Rebecca grew up surrounded by music. Her parents were both professional string-players, while two of her aunts had successful careers playing the piano and the harp. An uncle of Rebecca’s also worked as a conductor.
It was clear from an early age that Rebecca would continue the family tradition. Learning the violin with Sheila Nelson, she went on to study with Yossi Zivoni at the Royal Northern College of Music where she gained a Graduate and two Postgraduate degrees. From there, keen to maintain momentum, Rebecca moved to Northern Illinois University to study with Shmuel Ashkenasi and the Vermeer quartet and, following that, with Mark Zinger at De Paul University in Chicago.
Life in the US proved rewarding. Rebecca was not only a member of various chamber, ballet and symphony orchestras. She also played in Chamber Blues, an eclectic group of classical and blues musicians formed by the highly regarded jazz musician Corky Siegel. They toured the U.S, Canada and Virgin Islands together, and performed at numerous concert halls and music events including the Montreal jazz festival.
Returning to London in 1991, Rebecca freelanced in the London Symphony Orchestra, the Philharmonia and the Royal Philharmonic Orchestra. The following year she became a member of the Academy of St Martin in the Fields. Worldwide travel with these orchestras means she has performed with many great conductors and directors. Rebecca is also a current member of the City of London Sinfonia and the Orchestra of St John’s. She also specialises in operas, and has played for many years with the Glyndebourne Touring Opera and in Holland Park.
Rebecca’s love of music extends to playing chamber music to children in hospitals, and in schools for children with special needs. She has taken part in many Academy projects working with London’s homeless and has also taught the violin and viola at Harrow School since 1991.
Helena Smart began studying the violin aged eight and studied at Chethams School of Music and, following that, at the Royal Northern College of Music with Prof. Wen Zhou Li. She graduated in 2002 with a 1st Class degree, having won several prizes and scholarships including generous awards from the MBF, Sowerby Music and the English Speaking Union.
Helena has performed concerti with the Hallé, RNCM Sinfonia, Chethams Symphony, Todmorden, Bishop Auckland and Teeside Symphony Orchestras; and performed solo recitals and in chamber ensembles across the country. Helena was a National String Finalist in the BBC Young Musician of the Year 2000; performing on Radio 3 and as part of a BBC production.
Since this time, she spent four years living in Cologne, Germany, where she studied with Prof. Mihaela Martin under the prestigious DAAD Scholarship; she performed with her teacher and other professors of the school in chamber concerts, and visiting London to perform as soloist and chamber musician in St James’, Piccadilly, and at the Wigmore Hall.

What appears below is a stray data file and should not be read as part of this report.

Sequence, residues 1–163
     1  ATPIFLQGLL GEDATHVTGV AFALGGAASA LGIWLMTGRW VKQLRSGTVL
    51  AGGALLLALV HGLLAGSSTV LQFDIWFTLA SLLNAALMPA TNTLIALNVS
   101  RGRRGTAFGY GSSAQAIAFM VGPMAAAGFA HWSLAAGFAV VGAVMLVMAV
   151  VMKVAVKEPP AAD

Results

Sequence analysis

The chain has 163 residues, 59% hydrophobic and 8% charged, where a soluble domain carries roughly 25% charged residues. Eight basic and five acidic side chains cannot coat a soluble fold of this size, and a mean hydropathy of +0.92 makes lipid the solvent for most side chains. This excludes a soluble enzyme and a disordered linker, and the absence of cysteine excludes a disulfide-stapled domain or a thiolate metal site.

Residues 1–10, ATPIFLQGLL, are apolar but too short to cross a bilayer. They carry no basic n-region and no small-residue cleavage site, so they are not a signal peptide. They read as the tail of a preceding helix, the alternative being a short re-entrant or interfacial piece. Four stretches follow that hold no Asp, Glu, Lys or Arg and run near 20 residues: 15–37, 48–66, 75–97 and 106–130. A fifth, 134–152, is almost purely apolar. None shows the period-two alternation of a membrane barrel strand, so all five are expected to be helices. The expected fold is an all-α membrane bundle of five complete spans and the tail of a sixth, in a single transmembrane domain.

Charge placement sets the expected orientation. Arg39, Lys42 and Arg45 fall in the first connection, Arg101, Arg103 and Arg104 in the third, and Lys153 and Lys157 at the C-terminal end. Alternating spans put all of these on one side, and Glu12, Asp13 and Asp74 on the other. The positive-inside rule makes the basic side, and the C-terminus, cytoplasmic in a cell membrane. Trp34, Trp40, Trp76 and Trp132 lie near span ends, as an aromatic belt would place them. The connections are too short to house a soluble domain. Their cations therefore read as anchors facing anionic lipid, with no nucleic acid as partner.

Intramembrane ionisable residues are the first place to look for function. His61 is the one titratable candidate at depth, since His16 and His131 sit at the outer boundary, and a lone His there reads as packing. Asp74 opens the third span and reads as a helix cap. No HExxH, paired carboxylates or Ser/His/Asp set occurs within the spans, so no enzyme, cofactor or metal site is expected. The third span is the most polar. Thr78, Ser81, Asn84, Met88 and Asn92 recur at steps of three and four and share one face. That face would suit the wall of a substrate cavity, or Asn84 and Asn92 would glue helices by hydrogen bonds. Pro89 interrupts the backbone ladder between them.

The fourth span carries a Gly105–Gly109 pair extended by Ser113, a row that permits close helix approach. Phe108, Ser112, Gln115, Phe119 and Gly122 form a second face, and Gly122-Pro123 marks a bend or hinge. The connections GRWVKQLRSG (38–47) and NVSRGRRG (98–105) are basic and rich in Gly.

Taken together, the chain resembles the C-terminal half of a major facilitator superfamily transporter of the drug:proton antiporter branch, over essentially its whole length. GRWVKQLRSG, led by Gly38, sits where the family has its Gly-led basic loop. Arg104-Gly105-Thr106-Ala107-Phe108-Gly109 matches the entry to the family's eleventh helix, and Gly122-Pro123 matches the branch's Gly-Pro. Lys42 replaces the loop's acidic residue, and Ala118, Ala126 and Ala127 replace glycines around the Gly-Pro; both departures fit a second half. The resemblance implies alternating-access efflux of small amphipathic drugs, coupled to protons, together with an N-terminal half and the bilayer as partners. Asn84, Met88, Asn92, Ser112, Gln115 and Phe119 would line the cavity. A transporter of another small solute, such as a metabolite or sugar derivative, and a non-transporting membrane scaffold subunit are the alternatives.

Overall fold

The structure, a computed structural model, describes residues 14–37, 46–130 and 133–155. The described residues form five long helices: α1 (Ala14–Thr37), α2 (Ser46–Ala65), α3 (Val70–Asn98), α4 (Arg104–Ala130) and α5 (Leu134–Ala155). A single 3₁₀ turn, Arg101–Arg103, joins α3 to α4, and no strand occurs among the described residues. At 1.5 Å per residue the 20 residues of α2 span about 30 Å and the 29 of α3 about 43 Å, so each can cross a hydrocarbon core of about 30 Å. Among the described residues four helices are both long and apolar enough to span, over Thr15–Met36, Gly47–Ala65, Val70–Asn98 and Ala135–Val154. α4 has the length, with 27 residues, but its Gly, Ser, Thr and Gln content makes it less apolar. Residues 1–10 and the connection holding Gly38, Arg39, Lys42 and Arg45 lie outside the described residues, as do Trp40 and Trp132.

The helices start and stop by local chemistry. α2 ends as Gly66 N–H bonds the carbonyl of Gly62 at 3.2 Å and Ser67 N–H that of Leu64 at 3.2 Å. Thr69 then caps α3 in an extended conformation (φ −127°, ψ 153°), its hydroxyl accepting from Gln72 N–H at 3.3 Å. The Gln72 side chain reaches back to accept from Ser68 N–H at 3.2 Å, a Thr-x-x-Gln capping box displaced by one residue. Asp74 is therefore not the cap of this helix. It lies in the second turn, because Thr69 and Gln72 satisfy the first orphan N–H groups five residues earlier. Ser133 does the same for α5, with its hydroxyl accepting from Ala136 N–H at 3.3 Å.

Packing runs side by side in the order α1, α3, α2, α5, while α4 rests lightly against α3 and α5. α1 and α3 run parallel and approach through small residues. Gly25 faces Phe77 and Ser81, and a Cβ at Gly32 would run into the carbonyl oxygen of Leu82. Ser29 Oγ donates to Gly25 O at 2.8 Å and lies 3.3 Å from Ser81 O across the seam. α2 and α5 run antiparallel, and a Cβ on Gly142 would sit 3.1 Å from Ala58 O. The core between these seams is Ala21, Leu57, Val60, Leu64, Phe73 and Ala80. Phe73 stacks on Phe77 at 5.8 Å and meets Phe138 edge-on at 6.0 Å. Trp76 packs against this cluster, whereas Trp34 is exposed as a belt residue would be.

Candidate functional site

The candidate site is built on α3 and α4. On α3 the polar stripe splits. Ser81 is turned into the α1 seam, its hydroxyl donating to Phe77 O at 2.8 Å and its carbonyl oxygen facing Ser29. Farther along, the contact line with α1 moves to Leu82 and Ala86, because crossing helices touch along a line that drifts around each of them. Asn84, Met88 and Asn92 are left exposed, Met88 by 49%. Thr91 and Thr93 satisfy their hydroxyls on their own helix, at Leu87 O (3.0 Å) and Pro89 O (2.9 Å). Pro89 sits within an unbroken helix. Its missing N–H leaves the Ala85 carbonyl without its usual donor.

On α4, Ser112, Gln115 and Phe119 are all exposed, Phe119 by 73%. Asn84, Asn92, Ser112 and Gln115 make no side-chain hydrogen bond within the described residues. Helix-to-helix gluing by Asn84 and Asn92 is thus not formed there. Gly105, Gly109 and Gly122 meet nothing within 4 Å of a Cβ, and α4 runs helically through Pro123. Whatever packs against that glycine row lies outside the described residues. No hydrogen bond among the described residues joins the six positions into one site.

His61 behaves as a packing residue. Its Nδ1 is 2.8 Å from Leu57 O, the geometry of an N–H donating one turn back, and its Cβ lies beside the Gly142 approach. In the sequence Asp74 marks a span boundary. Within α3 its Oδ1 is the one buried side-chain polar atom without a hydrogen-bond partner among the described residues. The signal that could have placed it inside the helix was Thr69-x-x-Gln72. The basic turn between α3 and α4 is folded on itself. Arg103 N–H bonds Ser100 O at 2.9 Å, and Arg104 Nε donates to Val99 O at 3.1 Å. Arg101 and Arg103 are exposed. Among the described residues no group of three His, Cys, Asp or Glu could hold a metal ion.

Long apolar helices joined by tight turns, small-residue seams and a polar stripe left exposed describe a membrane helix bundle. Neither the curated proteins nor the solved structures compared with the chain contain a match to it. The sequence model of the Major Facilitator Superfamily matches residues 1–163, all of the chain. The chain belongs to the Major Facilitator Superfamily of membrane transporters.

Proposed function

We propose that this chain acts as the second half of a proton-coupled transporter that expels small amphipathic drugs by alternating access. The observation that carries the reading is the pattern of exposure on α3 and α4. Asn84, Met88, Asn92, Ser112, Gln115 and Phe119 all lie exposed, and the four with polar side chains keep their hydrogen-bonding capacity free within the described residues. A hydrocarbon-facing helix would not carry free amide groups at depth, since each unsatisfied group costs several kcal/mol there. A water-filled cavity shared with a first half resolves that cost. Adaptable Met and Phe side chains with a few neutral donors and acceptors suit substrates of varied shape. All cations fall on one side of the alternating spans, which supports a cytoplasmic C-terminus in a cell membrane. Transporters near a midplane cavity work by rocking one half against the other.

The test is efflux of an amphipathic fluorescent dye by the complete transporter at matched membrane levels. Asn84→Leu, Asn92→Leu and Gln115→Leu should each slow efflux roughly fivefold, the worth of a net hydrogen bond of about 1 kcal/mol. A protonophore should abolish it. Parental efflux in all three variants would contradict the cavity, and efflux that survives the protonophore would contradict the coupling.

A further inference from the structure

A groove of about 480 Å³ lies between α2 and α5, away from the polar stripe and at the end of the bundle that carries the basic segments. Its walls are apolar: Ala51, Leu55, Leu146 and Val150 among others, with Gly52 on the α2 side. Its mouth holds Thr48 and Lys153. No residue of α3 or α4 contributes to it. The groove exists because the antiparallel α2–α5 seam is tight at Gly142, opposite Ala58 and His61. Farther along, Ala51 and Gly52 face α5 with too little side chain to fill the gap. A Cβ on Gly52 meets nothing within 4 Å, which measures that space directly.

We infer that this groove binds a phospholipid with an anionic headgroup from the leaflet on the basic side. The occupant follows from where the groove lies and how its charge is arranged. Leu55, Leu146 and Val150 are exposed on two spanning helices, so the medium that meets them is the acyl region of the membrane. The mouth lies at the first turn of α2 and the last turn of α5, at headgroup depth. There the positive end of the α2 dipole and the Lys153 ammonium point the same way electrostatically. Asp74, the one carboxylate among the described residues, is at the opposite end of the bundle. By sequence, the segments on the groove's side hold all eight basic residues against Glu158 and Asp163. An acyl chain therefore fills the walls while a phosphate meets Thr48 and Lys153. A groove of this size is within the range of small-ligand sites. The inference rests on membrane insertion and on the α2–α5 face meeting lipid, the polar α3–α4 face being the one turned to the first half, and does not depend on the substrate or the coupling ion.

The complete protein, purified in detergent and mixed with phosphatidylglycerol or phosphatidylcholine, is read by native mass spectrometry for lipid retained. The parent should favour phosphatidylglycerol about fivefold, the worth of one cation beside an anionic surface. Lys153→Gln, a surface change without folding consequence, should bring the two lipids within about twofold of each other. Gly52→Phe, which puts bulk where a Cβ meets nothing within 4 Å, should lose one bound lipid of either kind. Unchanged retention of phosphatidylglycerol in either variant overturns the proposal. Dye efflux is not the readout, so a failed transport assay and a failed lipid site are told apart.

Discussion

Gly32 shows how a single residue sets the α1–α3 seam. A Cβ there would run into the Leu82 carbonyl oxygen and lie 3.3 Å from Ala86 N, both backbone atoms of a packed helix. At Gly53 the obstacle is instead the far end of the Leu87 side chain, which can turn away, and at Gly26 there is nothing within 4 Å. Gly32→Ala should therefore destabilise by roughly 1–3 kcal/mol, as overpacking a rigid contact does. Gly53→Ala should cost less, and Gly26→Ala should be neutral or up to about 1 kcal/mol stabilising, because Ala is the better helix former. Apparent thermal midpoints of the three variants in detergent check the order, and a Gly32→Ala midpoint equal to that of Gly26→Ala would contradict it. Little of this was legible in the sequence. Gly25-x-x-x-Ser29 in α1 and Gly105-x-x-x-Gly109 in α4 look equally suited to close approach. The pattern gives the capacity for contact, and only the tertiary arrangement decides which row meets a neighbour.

Helena was a member of the WDR Sinfonieorchester, Köln from 2004-2006, and since returning has been a regular player with the London Symphony Orchestra, and the London Philharmonic. Becoming a member of the Academy of St Martin in the Fields was a great honour and she loves the performing as well as her involvement within the ASMF Outward Sound education scheme.
Amanda Smith was born in Bury St. Edmunds, Suffolk and is the youngest of a family of six. She studied at the Yehudi Menuhin School and the Royal College of Music. She has been playing with the Academy of St Martin in the Fields since 1994, also working as a freelance violinist with other orchestras such as City of London Sinfonia and London Philharmonic Orchestra.
Canadian violinist Katie Stillman began her studies in London, Ontario, before joining the Young Artists’ Performance Academy at the Royal Conservatory of Music in Toronto. Whilst still only 15 years of age, Katie toured Mexico giving recitals in Mexico City, San Miguel, Cuernavaca and Monterrey. In 1998, aged 16, Katie won the prestigious Grand Prize at the Canadian Music Competition in Montreal. Already establishing herself as a highly successful young soloist with regular appearances both in Canada and the UK, she subsequently won Radio Canada’s Young Artists Performance Prize for the broadcast of her Toronto recital.
From an early age Katie began attending Pro Corda, a chamber music school in Suffolk which provided training for talented young players. She was a founding member of the Barbirolli Quartet which was selected by the European Concert Halls Organisation as the UK Concert Halls’ nominated ‘Rising Stars’. Other highlights included concerts at the Verbier, Aldeburgh and Aix-en-Provence festivals, Mananan International Festival, the Lincolnshire International Chamber Music Festival and Septembre Musical Montreux Festival. They released a CD of Britten, Bliss and Delius on the Nimbus Label in 2012.
Katie formed a duo with English pianist Simon Lane whilst studying at the Royal Northern College of Music in Manchester and they are celebrating their 10th Anniversary year in 2015. The duo has won numerous awards and acclaim, including the RNCM Helen Porthouse Paganini Prize, being selected for the Tillett Trust Young Artist Platform and the Worshipful Company of Musicians’ Maisie Lewis Award and the Park Lane Group Young Artists’ New Year Series at the Purcell Room.